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The pH-sensing receptor OGR1 improves barrier function of epithelial cells and inhibits migration in an acidic environment.

American journal of physiology. Gastrointestinal and liver physiology (2015-07-25)
Cheryl de Vallière, Solange Vidal, Ieuan Clay, Giorgia Jurisic, Irina Tcymbarevich, Silvia Lang, Marie-Gabrielle Ludwig, Michal Okoniewski, Jyrki J Eloranta, Gerd A Kullak-Ublick, Carsten A Wagner, Gerhard Rogler, Klaus Seuwen
ABSTRACT

The pH-sensing receptor ovarian cancer G protein-coupled receptor 1 (OGR1; GPR68) is expressed in the gut. Inflammatory bowel disease is typically associated with a decrease in local pH, which may lead to altered epithelial barrier function and subsequent gastrointestinal repair involving epithelial cell adhesion and migration. As the mechanisms underlying the response to pH changes are not well understood, we have investigated OGR1-mediated, pH-dependent signaling pathways in intestinal epithelial cells. Caco-2 cells stably overexpressing OGR1 were created and validated as tools to study OGR1 signaling. Barrier function, migration, and proliferation were measured using electric cell-substrate impedance-sensing technology. Localization of the tight junction proteins zonula occludens protein 1 and occludin and the rearrangement of cytoskeletal actin were examined by confocal microscopy. Paracellular permeability and protein and gene expression analysis using DNA microarrays were performed on filter-grown Caco-2 monolayers. We report that an acidic pH shift from pH 7.8 to 6.6 improved barrier function and stimulated reorganization of filamentous actin with prominent basal stress fiber formation. Cell migration and proliferation during in vitro wound healing were inhibited. Gene expression analysis revealed significant upregulation of genes related to cytoskeleton remodeling, cell adhesion, and growth factor signaling. We conclude that acidic extracellular pH can have a signaling function and impact the physiology of intestinal epithelial cells. The deconstruction of OGR1-dependent signaling may aid our understanding of mucosal inflammation mechanisms.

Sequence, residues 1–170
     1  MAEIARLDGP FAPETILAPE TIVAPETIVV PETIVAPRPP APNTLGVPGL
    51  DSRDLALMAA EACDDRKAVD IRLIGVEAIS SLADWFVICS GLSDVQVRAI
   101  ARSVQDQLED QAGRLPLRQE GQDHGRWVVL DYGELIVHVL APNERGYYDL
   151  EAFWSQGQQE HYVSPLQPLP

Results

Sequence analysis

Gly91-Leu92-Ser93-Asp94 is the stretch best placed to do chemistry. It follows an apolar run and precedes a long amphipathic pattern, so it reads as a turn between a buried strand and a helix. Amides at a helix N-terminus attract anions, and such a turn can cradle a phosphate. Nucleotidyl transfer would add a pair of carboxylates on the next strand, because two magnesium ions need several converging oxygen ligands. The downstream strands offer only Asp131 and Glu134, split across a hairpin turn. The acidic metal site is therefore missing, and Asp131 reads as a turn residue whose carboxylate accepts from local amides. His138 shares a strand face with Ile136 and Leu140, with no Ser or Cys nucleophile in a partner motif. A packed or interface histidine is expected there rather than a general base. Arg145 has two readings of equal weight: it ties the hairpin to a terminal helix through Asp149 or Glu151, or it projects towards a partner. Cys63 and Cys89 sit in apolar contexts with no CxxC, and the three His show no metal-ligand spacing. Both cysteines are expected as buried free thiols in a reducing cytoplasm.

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Anti-Mouse IgG (whole molecule)–Peroxidase antibody produced in goat, affinity isolated antibody, buffered aqueous solution